The Louisiana Department of Health has issued a boil notice for the following seven north Louisiana water systems:

Bienville Parish

  • Taylor Water System

Jackson Parish

  • Hancock Haven Water System
  • Paradise Point Water System
  • Spillway Estates Water System

Morehouse Parish

  • Lakeview Water System

Ouachita Parish

  • Love Estates Water System
  • Suburban North Water System

This week's destructive storms knocked out power to these water systems, which resulted in a loss of pressure creating the potential for contaminants to enter the water line. State regulations require a boil notice following such an event to ensure the safety of drinking water. Residents should stay tuned to local media for information on boil notices in their areas.

If you live in an area under boil notice, have lost water pressure at your tap or if the water pressure is extremely low, State Health Officer Jimmy Guidry, MD, recommends homeowners disinfect their water by any one of the following methods prior to consumption (including drinking, cooking, brushing teeth or preparing food):

  • Boil water for one full minute in a clean container. The one minute boil time begins after the water has been brought to a rolling boil. (The flat taste can be eliminated by shaking the water in a bottle or pouring it from one container to another.)
  • If the water is clear, mix 1/8 teaspoon of unscented, liquid chlorine laundry bleach with one gallon of water and let it stand for at least 30 minutes prior to consumption.
  • If the water is cloudy or colored, use 1/4 teaspoon of unscented, liquid chlorine laundry bleach per gallon of water. Be sure to mix thoroughly.

If the treated water has too strong a chlorine taste, it can be made more palatable by allowing the water to stand exposed to the air for a few hours or by pouring it from one clean container to another several times.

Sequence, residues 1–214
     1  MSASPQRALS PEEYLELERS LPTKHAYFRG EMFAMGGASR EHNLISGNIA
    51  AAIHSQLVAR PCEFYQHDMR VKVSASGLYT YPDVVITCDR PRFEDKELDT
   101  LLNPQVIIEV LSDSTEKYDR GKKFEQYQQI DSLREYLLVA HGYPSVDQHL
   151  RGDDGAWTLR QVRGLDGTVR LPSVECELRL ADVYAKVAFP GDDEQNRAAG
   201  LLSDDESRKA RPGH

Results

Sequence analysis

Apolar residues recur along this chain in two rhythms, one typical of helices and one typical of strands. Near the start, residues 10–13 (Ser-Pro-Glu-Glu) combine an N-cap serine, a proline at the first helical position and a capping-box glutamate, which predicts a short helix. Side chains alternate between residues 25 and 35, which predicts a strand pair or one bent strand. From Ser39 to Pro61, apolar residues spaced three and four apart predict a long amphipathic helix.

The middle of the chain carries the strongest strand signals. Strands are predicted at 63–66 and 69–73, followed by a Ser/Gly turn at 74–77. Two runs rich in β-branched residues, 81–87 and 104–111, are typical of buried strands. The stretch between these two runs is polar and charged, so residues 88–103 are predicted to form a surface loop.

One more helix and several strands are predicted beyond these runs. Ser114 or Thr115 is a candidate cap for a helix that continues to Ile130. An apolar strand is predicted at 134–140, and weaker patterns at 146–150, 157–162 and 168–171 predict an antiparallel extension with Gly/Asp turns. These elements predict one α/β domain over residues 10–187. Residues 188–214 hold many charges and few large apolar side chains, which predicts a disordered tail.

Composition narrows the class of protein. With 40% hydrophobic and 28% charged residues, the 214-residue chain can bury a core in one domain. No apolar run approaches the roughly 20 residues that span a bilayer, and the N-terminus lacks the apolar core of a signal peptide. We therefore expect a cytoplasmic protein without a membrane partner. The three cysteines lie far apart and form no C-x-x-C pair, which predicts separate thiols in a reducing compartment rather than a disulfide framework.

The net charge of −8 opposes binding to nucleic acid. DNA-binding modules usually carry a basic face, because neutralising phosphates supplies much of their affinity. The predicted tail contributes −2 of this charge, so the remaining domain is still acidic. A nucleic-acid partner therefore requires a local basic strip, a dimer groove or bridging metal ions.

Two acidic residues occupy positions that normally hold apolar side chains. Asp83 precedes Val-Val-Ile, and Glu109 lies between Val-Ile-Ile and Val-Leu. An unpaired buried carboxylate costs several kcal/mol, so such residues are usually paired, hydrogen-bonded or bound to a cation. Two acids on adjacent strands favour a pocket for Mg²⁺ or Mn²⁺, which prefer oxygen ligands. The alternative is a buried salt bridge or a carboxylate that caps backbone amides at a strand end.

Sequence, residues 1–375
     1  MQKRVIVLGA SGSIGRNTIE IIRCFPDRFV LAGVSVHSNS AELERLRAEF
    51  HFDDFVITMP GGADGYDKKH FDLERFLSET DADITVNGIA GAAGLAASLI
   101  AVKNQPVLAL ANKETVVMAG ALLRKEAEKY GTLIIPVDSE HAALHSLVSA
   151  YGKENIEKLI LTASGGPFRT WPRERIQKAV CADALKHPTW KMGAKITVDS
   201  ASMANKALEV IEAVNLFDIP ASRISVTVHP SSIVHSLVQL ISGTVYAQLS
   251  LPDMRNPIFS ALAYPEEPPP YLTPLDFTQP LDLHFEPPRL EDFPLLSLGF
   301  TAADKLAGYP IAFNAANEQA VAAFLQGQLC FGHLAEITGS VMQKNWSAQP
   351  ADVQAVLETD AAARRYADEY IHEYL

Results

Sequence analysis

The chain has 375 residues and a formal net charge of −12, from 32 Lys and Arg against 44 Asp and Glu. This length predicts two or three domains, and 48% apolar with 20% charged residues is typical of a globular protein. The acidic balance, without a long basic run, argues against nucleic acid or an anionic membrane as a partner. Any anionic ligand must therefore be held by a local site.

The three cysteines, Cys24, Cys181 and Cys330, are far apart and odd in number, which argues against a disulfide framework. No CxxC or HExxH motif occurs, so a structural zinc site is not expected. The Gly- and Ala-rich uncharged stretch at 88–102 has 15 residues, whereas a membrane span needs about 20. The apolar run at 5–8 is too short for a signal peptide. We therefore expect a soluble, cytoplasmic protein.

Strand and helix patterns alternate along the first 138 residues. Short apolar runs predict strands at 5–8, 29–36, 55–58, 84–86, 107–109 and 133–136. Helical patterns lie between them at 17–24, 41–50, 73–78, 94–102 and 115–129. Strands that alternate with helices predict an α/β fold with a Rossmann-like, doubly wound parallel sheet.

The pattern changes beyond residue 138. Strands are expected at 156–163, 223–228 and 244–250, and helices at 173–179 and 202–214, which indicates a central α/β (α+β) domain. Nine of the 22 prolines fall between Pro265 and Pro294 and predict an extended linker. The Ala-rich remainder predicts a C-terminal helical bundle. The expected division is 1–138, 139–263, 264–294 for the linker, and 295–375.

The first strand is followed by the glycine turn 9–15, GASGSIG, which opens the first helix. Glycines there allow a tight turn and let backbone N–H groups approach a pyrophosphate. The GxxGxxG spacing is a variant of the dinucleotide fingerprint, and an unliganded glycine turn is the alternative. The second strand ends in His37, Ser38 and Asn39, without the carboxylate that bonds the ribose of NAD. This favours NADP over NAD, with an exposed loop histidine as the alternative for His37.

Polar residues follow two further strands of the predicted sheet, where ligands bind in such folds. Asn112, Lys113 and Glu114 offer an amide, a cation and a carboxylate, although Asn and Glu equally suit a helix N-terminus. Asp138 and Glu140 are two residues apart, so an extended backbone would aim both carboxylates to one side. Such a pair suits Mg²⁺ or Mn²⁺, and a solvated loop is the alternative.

Boiling is the most effective method to disinfect water, particularly for people who are severely immunocompromised (infected with HIV/AIDS, cancer and transplant patients taking immunosuppressive drugs, or people born with a weakened immune system) and for infants and elderly who wish to take extra precautions.

People obtaining water from a public water system under a boil notice must continue to disinfect their drinking water by one of the above listed methods until notified by your water system or the Department of Health that the water has been tested and is safe to drink.

People who have been affected by loss of water service may expect some irregularities with their water while efforts are being made to ensure that the water is safe. It is expected that water may have an unusual chlorine odor as well as possible sediments appearing in the water while these special precautions are taking place. Flushing household taps for a few minutes should fix these problems.

The Louisiana Department of Health strives to protect and promote health statewide and to ensure access to medical, preventive and rehabilitative services for all state citizens. To learn more about LDH, visit For up-to-date health information, news and emergency updates, follow LDH's blog, Twitter account and Facebook page.